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| Bradshaw & Bryant PLLC

Tuesday night , a 22-year-old Rogers woman died when her car ended up in a Maple Grove creek after spinning out on westbound Interstate 94 near Dunkirk Lane.

The woman had hit her brakes to avoid a stalled vehicle. She swerved on the icy road, slid down an embankment, through a chain link fence, rolled over and stopped in the creek. It took 25 minutes to get the vehicle out of the water. Sympathy goes out to the family and friends of this woman.

Single car accidents are the the type of accident, I blogged about with: Single Car Accidents: Is There A Claim? .

The winter conditions are affecting driving across the state. For all Drivers winter road tips from DPS and MnDOT include:

  • Always use seat belts.

  • Accelerate and decelerate slowly on icy/snow-covered roads to retain traction and avoid skids.

  • Do not use cruise control.

  • Do not “power up” hills, which may cause wheels to spin. Build momentum before reaching a hill and don’t stop while traveling uphill. Reduce speed before going downhill.

  • Know your brakes. Keep the heel of your foot on the floor and use the ball of the foot to apply firm, steady pressure on the brake pedal.

  • Give yourself plenty of travel time. Don’t put your schedule before safety.

  • Clear snow and ice from vehicle windows, hood, headlights, brake lights and directional signals.

  • Headlights must be turned on when it is snowing or sleeting.

Most police officers asked say the key is usually to Just Slow Down.

Sgt. Jeff Wenker of the Marshall Police Department made a number of great suggestions concerning winter driving. They included:

  • Watch the weather, don’t travel if the weather is bad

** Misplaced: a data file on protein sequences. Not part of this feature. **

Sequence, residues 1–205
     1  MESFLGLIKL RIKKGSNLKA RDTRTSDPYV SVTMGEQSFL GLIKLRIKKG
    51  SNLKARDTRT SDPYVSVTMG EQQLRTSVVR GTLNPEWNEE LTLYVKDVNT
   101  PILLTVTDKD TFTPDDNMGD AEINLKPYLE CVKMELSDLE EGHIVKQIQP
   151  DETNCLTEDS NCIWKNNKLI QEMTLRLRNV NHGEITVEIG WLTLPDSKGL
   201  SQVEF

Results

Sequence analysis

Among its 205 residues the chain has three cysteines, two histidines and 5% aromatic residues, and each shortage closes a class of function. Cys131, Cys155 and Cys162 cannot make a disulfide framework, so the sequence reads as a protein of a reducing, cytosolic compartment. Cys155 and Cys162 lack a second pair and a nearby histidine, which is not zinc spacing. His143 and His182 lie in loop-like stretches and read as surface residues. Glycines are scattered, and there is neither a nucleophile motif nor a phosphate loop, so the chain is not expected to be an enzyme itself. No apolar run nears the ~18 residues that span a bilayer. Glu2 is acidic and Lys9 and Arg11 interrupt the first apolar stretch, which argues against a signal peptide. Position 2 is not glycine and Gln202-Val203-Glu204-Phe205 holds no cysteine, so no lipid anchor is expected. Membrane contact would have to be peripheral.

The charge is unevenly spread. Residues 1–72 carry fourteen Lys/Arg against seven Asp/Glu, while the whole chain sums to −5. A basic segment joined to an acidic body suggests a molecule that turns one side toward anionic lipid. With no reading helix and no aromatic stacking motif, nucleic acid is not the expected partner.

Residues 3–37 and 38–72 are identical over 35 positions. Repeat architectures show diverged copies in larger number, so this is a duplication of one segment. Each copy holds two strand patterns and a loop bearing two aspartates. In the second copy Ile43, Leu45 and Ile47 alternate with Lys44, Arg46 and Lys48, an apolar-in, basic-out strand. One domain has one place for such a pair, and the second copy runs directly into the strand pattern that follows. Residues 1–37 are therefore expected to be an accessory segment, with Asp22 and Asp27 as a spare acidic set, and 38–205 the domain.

• Carry extra clothing, extra blankets and extra food with you and a heat source such as Sterno or candles is not a bad idea to take along.
  • An empty can, such as a coffee can, can be used for bathroom breaks. Toilet paper and hand wipes could be useful, as well.
  • If you are on medications, always carry extra.
  • Don’t store extra water in your vehicle because it will freeze, but take extra water with you before you leave on the trip.
  • Make sure your cell phone is fully charged and bring a charger with you.
  • Let someone know the route you will be taking and do not deviate from it.
  • Take your time. A four-hour trip might take five. It’s easier to drive slow when you’ve allowed the time.
  • If you do slide off the road or have to pull over due to the weather or road conditions: Your car can be an effective shelter so don’t leave it unless you have to. Windchills are dangerous and can kill if you are exposed for too long. A vehicle offers some protection from that.
  • If it’s a white-out, you don’t want to walk out, because you can lose your way.
  • Run the engine 10 minutes every hour to help keep you warm. Bundle up in the extra clothes and blankets.
  • Keep the windows open a crack so you stand less chance of being poisoned by carbon monoxide. Check the tail pipe periodically and clear it if necessary to keep the exhaust from coming back into the vehicle.

Hopefully, all of the suggestions will lead to lives being saved and people making it home safe this winter.

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